Why do a master's in community organizing?

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Most community organizers and popular educators learn their "trade" on the job, which generally leaves little time for developing coherent political analysis, comprehensive strategies, adequate cross-cultural communication, effective tactics and much more. Political formation is the single most important key to effective community work and education, and it doesn't happen spontaneously.


Learn the theory and practice of popular education and community organizing from teachers and mentors who have spent a lifetime at it. The University of Wisconsin-Milwaukee master's degree in community organizing - part of the Cultural Foundation of Education program - is a unique collaborative partnership with the Autonomous University of Social Movements (AUSM).

Click here to see AUSM graduate Roberto de la Riva explain the master's program.
Based in the Albany Park Autonomous Center in Chicago, the UWM program offers the only master's degree in community organizing and popular education in the country. Students combine discussion-based academic classes with hands on experience and regular mentoring from community organizers at the Autonomous Center in Chicago. All classes are offered via internet, and can be experienced in person for students living in Chicago. Practicum experiences can be arranged in most US urban centers, with mentoring via internet, or at the Autonomous Center in Chicago.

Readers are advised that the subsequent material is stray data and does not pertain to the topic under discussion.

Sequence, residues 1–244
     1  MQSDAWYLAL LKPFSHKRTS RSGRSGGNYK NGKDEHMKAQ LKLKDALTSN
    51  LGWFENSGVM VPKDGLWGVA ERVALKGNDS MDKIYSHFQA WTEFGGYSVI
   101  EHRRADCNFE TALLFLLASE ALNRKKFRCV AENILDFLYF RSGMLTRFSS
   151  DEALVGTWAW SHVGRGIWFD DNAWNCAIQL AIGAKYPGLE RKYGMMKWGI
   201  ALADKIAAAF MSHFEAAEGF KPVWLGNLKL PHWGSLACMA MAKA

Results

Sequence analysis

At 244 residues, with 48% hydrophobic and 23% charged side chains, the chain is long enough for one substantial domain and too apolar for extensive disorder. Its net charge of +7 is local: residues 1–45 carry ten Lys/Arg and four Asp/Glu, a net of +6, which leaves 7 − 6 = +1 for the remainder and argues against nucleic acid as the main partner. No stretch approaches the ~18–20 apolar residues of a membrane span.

Classes include:

*Popular education theory and practice
*An in-depth look at community organizing models, including autonomous, Alinsky-style, faith-based,  identity-based, labor and cultural organizing
*Issues in community organizing, including race/gender/class dynamics, cross-cultural communication, leadership, and challenges facing immigrant communities
*Issues in urban organizing, including social and political geography, police, public education, and public health
*Political analysis, including power analysis, anti-capitalist perspectives, local power structures, and political parties

Each student designs and implements a community practicum, which might include:
*Working with women's cooperatives dedicated to food preparation, cleaning services or day care
*Developing community responses to police harassment, sub-par public education, foreclosure and eviction, wage theft, or the lack of cultural outlets for youth
*Developing popular education curriculum for teaching ESL or bilingual adult high school classes
*Coalition-building across the city within the immigrant rights, foreclosure resistance, labor or Occupy movements

An optional eight week summer program in Mexico introduces students to Mexico's most important and vibrant social movements, including indigenous movements in Chiapas, occupation and housing movements in Mexico City, and campesino movements in Tlaxcala.

Graduates receive a fully-accredited degree from the University of Wisconsin-Milwaukee.

For more information, see AUSM and the University of Wisconsin-Milwaukee websiteClick here to apply.